Becoming the temporary surgeon: A grounded theory examination of anaesthetists performing emergency front of neck access in inter-disciplinary simulation-based training. Becoming the Temporary Surgeon

Sergio Silverio*, Hilary Wallace, William Gauntlett, Richard Berwick, Simon Mercer, Ben Morton, SIMON ROGERS, JOHN SANDARS, Peter Groom, JEREMY BROWN

*Corresponding author for this work

Research output: Contribution to journalArticlepeer-review

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Abstract

The time-critical ‘can’t intubate, can’t oxygenate’ [CICO] emergency post-induction of anaesthesia is rare, but one which, should it occur, requires Anaesthetists to perform rapid emergency front of neck access [FONA] to the trachea, restoring oxygenation, and preventing death or brain hypoxia. The UK Difficult Airway Society [DAS] has directed all Anaesthetists to be trained with surgical cricothyroidotomy [SCT] as the primary emergency FONA method. We present a longitudinal analysis using a classical approach to Grounded Theory methodology of ten Specialist Trainee Anaesthetists’ data during a 6-month training programme delivered jointly by Anaesthetists and Surgeons. We identified with a critical realist ontology and an objectivist epistemology meaning data interpretation was driven by participants’ narratives and accepted as true accounts of their experience. Our theory comprises three themes: ‘Identity as an Anaesthetist’; ‘The Role of a Temporary Surgeon’; and ‘Training to Reconcile Identities’, whereby training facilitated the psychological transition from a ‘bloodless Doctor’ (Anaesthetist) to becoming a ‘temporary Surgeon’. The training programme enabled Specialist Trainees to move between the role of control and responsibility (Identity as an Anaesthetist), through self-described ‘failure’ and into a role of uncertainty about one’s own confidence and competence (The Role of a Temporary Surgeon), and then return to the Anaesthetist’s role once the airway had been established. Understanding the complexity of an intervention and providing a better insight into the training needs of Anaesthetic trainees, via a Grounded Theory approach, allows us to evaluate training programmes against the recognised technical and non-technical needs of those being trained.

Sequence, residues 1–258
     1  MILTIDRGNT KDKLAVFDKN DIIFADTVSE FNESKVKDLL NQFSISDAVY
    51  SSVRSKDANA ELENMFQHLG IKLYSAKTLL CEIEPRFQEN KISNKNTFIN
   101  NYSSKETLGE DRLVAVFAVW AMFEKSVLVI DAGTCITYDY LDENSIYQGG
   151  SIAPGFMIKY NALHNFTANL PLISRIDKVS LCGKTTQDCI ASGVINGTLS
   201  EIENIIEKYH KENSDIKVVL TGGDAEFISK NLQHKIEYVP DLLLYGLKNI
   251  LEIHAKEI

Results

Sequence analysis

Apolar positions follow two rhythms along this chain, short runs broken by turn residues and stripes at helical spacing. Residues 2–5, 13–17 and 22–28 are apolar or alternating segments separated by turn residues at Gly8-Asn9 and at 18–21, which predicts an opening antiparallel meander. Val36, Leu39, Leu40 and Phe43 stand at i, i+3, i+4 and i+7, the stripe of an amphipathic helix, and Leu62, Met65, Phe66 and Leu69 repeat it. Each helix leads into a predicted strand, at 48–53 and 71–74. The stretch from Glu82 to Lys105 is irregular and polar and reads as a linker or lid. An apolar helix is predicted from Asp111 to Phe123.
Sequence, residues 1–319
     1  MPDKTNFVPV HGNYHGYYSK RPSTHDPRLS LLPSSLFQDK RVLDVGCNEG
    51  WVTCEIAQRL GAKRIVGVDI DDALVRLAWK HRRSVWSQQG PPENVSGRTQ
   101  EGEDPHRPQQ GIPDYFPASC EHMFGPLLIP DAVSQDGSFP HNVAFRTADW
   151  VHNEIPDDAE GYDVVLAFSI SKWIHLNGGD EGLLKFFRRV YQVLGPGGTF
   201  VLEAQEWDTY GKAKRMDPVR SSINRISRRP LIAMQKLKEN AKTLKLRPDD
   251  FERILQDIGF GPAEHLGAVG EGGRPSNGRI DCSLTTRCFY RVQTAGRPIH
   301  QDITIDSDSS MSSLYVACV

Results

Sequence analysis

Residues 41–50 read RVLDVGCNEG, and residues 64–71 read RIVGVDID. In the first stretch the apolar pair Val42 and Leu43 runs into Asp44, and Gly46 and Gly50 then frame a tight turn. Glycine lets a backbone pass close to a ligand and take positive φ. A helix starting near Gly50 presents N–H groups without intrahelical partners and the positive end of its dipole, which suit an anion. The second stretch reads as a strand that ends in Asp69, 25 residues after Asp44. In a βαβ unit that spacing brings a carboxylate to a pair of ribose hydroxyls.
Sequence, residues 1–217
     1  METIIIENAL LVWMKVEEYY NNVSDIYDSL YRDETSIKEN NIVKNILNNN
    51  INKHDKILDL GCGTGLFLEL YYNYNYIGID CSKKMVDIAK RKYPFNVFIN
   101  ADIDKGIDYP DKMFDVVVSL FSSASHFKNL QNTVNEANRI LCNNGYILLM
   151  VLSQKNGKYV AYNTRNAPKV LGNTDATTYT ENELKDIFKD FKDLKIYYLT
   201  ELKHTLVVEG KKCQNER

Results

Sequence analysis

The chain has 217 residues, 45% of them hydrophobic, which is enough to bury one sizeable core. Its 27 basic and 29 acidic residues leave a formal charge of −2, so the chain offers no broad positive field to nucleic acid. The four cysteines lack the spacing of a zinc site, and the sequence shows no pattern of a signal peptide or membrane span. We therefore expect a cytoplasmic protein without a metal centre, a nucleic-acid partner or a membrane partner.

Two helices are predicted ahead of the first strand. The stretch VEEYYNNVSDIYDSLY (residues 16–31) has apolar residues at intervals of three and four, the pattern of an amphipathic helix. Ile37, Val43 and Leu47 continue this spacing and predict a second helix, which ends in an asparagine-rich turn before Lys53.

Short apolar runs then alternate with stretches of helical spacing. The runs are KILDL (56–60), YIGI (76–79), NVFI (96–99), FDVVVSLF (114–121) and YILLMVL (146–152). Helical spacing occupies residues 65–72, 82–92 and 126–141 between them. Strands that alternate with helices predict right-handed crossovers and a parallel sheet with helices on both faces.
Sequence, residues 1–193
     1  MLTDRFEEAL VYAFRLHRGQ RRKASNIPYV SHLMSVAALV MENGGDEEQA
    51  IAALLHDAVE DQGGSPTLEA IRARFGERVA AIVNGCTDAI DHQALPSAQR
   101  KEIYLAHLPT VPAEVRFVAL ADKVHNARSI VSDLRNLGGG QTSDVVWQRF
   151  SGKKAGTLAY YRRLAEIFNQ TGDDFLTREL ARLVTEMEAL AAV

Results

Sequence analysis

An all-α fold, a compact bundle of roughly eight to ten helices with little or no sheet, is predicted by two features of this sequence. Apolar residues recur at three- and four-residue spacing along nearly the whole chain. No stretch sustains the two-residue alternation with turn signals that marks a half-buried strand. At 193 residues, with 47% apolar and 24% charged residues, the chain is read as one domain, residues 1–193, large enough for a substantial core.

Original languageEnglish
Article number0249070
JournalPLoS ONE
Early online date23 Mar 2021
DOIs
Publication statusPublished - 23 Mar 2021

Keywords

  • Anesthetists
  • Training

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